Nord Stream: Gas Pipeline Explosions: Limits of the Investigation

A transnational investigation aims to shed light on the apparent sabotage of the Nord Stream pipelines in the Baltic Sea.

Nord Stream: Gas Pipeline Explosions: Limits of the Investigation

A transnational investigation aims to shed light on the apparent sabotage of the Nord Stream pipelines in the Baltic Sea. Three of the four leaks discovered in the gas pipes are within a few kilometers of each other, according to the Swedish Coast Guard.

From Brussels it was said that the leaks were probably a targeted act. "All information currently available indicates that this is the result of intentional, reckless and irresponsible acts of sabotage," said a statement from the North Atlantic Council of 30 member states. A possible mastermind was not named.

Investigations are now beginning, in which the German Navy is also said to be involved. It has its sights set on the Baltic Sea region and recently used more fleet service boats again due to the escalation of tensions with Russia. The reconnaissance ships are the "eyes and ears" of the Navy, and thus of the entire Bundeswehr and thus also of NATO. German maritime reconnaissance aircraft P-3C Orion have repeatedly been in the area. With a magnetic anomaly detector, these aircraft can detect submarines in the Earth's magnetic field beneath the aircraft. Added to this is the surveillance of land below and above water.

Who is behind the suspected sabotage?

The investigations have already begun - even without the leaks being accessed so far. EU Commissioner Ylva Johansson expressed confidence that it will be possible to find out who is behind the alleged act of sabotage. So far there have only been working hypotheses, but the evaluation of radar and satellite data from boats, ships and submarines that were in the area during the period in question is in full swing.

The investigators from Denmark, Sweden and Germany are looking at the question of range, for example, i.e. how far a military diver could swim with a larger load. After all, it is assumed that a total of several hundred kilograms of explosives were used for the explosions observed and registered by sensors. It is by no means clear that explosives were installed in a kind of commando operation only in the last few weeks. Likewise, a "state actor" could have planted explosive devices a long time ago - months or even years ago.

Numerous maneuvers on site

The challenge is the reconstruction of fact in an area that is used intensively. In June, NATO held its Baltops 22 naval exercise in waters off the Danish island of Bornholm. "Amphibian operations, anti-submarine warfare, air defense, air support for maritime operations, mine clearance, explosive ordnance disposal, and diving and salvage operations were practiced," writes the Bundeswehr. The Northern Coasts 22 naval maneuver is currently underway in the Baltic Sea.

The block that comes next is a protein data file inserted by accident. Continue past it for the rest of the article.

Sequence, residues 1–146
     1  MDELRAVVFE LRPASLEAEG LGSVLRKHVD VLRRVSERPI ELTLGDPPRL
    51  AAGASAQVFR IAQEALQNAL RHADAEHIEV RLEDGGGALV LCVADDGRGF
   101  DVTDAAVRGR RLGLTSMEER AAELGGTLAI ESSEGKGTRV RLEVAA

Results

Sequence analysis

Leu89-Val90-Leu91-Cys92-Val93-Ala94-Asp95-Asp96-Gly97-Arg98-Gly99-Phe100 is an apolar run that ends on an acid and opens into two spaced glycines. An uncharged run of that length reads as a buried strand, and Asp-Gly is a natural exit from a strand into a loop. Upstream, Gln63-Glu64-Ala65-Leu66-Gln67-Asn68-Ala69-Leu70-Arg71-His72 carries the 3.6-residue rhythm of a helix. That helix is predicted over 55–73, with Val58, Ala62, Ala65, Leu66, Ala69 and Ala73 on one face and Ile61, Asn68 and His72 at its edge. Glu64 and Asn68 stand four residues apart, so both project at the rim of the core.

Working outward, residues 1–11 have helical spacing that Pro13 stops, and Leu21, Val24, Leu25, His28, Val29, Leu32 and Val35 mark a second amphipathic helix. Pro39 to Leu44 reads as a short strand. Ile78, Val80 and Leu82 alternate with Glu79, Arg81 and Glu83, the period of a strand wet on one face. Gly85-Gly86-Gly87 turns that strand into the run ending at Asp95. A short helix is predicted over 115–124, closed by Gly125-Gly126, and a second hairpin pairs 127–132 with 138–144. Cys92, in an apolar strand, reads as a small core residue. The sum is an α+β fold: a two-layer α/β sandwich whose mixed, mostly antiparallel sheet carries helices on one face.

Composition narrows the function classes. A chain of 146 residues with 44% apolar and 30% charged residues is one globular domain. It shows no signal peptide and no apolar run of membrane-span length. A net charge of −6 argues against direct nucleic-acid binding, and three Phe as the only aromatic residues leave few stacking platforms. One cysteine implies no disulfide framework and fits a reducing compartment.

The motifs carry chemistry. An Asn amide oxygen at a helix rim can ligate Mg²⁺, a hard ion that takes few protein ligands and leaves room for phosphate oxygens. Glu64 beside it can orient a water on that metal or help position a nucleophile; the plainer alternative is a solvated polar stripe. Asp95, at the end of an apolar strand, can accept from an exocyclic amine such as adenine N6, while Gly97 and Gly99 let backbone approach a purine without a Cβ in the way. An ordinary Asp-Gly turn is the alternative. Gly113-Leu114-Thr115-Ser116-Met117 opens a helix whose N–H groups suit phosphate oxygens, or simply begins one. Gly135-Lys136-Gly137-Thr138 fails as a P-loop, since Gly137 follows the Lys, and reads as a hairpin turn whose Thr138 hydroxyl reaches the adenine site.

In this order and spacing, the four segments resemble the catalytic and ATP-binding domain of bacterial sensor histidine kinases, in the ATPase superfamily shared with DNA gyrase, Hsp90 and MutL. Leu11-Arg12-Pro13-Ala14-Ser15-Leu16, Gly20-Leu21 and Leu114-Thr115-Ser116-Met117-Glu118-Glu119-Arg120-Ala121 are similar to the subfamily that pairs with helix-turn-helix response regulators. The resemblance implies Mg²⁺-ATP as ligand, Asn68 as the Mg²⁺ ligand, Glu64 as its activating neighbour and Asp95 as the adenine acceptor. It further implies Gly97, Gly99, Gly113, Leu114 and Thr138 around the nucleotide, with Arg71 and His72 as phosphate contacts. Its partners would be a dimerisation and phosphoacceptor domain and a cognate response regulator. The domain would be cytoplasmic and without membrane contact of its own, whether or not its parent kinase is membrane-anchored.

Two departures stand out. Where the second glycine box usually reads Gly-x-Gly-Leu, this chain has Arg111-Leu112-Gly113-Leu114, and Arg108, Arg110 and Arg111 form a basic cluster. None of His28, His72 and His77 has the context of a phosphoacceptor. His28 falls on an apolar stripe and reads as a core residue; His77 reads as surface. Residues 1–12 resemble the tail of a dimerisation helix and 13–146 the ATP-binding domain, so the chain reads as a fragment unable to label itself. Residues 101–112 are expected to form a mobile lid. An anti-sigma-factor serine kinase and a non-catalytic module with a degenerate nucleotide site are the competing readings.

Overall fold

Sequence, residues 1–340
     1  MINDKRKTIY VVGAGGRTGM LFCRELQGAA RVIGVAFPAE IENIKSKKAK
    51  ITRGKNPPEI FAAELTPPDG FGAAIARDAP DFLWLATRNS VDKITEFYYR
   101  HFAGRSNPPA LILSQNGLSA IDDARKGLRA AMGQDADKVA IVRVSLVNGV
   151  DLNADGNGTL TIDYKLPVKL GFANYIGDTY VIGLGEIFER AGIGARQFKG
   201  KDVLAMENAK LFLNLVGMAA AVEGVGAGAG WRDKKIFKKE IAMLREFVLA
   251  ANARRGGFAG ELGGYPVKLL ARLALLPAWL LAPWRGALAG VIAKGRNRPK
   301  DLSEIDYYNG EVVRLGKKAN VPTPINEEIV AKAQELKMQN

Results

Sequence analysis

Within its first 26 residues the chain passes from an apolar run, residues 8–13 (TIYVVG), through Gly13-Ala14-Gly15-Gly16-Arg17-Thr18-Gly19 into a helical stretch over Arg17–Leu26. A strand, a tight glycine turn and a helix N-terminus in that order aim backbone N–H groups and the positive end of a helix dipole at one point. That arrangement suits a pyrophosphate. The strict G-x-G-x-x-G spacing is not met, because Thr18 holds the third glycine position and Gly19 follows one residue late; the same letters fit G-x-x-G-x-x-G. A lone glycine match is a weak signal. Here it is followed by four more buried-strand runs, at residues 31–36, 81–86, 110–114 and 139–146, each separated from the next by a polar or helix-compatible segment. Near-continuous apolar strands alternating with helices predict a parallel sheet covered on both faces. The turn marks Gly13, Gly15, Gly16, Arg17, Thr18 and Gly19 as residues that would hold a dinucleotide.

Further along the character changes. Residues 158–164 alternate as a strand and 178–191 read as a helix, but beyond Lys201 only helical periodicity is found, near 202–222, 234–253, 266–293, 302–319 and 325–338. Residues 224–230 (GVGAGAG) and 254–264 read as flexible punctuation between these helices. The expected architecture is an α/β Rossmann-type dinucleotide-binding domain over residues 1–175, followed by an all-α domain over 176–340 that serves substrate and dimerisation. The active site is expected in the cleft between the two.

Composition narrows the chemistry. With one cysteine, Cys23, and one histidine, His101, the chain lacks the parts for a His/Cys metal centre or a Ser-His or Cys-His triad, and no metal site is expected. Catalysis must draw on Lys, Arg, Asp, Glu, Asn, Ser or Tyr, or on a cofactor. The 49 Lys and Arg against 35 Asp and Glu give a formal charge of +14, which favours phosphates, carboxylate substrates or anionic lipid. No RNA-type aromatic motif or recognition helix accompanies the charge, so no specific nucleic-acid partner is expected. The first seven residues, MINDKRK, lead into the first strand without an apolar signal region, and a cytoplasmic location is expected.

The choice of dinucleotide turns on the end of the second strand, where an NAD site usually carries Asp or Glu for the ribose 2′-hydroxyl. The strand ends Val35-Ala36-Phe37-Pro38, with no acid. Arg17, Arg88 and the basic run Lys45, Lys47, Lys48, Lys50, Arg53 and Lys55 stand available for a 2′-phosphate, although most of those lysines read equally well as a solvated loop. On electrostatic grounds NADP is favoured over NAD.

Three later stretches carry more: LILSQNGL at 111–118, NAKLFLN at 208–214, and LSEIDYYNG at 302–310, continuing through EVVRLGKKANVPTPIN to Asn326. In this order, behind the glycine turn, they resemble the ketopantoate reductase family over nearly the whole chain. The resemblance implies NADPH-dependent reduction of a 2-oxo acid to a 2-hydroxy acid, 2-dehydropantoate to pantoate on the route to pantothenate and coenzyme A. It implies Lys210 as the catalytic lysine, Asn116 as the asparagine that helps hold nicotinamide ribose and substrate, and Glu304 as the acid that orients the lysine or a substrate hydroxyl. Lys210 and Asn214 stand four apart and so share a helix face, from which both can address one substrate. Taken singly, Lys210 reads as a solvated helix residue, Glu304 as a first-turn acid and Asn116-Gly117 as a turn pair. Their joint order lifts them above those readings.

Security expert Johannes Peters suspected Russia to be behind the alleged act of sabotage on Thursday. "Obviously it seems a bit absurd to destroy your own pipelines," said the expert from the Institute for Security Policy at the University of Kiel in the ARD "Morgenmagazin". But there are good reasons. One reason is certainly to send a "strong signal" to Europe, especially Germany and Poland, that the same could be done with pipelines, which are much more important for our security of supply. Another possible reason for a possible Russian act of sabotage is that in winter "the Nord Stream 2 pipe, which is still intact, can be used to increase pressure on Germany, for example if domestic political pressure on the government should increase because the Gas prices are high because we might not have enough gas for the winter after all."

Russia denies responsibility

According to its own statements, the Kremlin also suspects a state behind the crime and speaks of an act of terrorism, as spokesman Dmitri Peskov said according to reports from Russian news agencies. He dismissed assumptions by Western security experts that his country itself was behind the alleged act of sabotage as "stupid." In the area of ​​​​the leaks in the Nord Stream 1 and Nord Stream 2 pipelines, there were far more NATO ships and planes than Russian ones, he emphasizes.

Lithuania's foreign minister, Gabrielius Landsbergis, also spoke of an "act of terrorism", but saw it as aiming to stir up fear and make it more difficult to supply Europe with gas. And: "All of this corresponds to the definition of a terrorist act, at least from a political point of view; the legal assessment will take place later."

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